About the Episode
Last week, US intelligence and defense agencies released reports warning that a warming climate is a fundamental threat to US national security through raising geopolitical tensions, increasing instability, and driving mass migration. The Center for Climate and Security’s Erin Sikorsky and the Quincy Institute for Responsible Statecraft’s Anatol Lieven join Deep Dish to examine what a climate-focused US national security and defense strategy might look like and how to balance other competing threats.
- Climate Change Poses a Widening Threat to National Security, the New York Times
- Department of Defense Climate Risk Analysis, Department of Defense
- Climate Change: The Greatest National Security Threat to the United States, Quincy Institute for Responsible Statecraft
- Analyzing the Climate Security Threat: Key Actions for the US Intelligence Community, War on the Rocks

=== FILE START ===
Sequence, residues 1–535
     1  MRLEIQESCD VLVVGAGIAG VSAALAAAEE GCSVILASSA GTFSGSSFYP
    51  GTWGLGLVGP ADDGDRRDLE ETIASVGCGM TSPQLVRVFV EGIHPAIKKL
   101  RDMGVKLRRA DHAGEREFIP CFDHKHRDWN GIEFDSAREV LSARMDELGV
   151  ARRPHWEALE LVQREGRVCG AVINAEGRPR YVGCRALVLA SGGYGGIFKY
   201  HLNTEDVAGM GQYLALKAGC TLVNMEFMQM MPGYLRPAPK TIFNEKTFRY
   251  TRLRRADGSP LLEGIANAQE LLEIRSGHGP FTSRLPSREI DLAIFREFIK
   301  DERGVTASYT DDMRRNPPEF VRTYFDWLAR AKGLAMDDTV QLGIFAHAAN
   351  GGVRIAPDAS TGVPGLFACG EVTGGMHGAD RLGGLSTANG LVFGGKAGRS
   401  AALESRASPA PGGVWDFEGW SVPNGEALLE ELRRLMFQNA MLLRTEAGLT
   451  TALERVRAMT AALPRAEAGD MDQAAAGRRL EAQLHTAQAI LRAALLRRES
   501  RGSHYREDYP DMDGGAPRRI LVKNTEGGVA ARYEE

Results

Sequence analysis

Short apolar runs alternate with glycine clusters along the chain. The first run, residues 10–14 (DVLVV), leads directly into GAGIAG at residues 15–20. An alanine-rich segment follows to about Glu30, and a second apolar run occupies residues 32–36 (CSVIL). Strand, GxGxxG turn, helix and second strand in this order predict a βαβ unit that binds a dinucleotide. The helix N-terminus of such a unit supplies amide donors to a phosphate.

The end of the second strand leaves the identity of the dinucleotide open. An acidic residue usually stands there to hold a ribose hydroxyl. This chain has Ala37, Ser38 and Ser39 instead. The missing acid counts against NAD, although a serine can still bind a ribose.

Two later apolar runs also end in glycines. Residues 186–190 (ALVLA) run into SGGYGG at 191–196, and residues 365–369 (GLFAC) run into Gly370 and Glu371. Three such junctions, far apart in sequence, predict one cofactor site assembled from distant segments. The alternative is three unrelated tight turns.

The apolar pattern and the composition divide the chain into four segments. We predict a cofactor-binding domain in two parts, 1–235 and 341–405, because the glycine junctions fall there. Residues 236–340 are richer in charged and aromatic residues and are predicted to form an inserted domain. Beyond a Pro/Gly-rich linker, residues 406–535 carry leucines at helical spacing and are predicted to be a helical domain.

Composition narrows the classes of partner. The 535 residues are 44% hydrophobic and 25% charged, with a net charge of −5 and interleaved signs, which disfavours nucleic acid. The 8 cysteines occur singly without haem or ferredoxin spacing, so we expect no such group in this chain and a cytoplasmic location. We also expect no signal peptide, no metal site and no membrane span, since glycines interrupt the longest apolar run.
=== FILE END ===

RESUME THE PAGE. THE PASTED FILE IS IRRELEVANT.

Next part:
As President Biden heads to the UN Climate Change Conference, he will grapple with significant divides in domestic public opinion.
Concern for the state of the planet spans generations, 2021 Chicago Council Survey data show.
“We can use Big Data to understand and communicate the planetary crisis while simultaneously measuring progress,” Nonresident Senior Fellow Robert Muggah writes in Foreign Policy.
New Chicago Council Survey results show that most Americans aren’t extremely concerned about climate change, but many believe the government isn’t doing enough to combat the issue.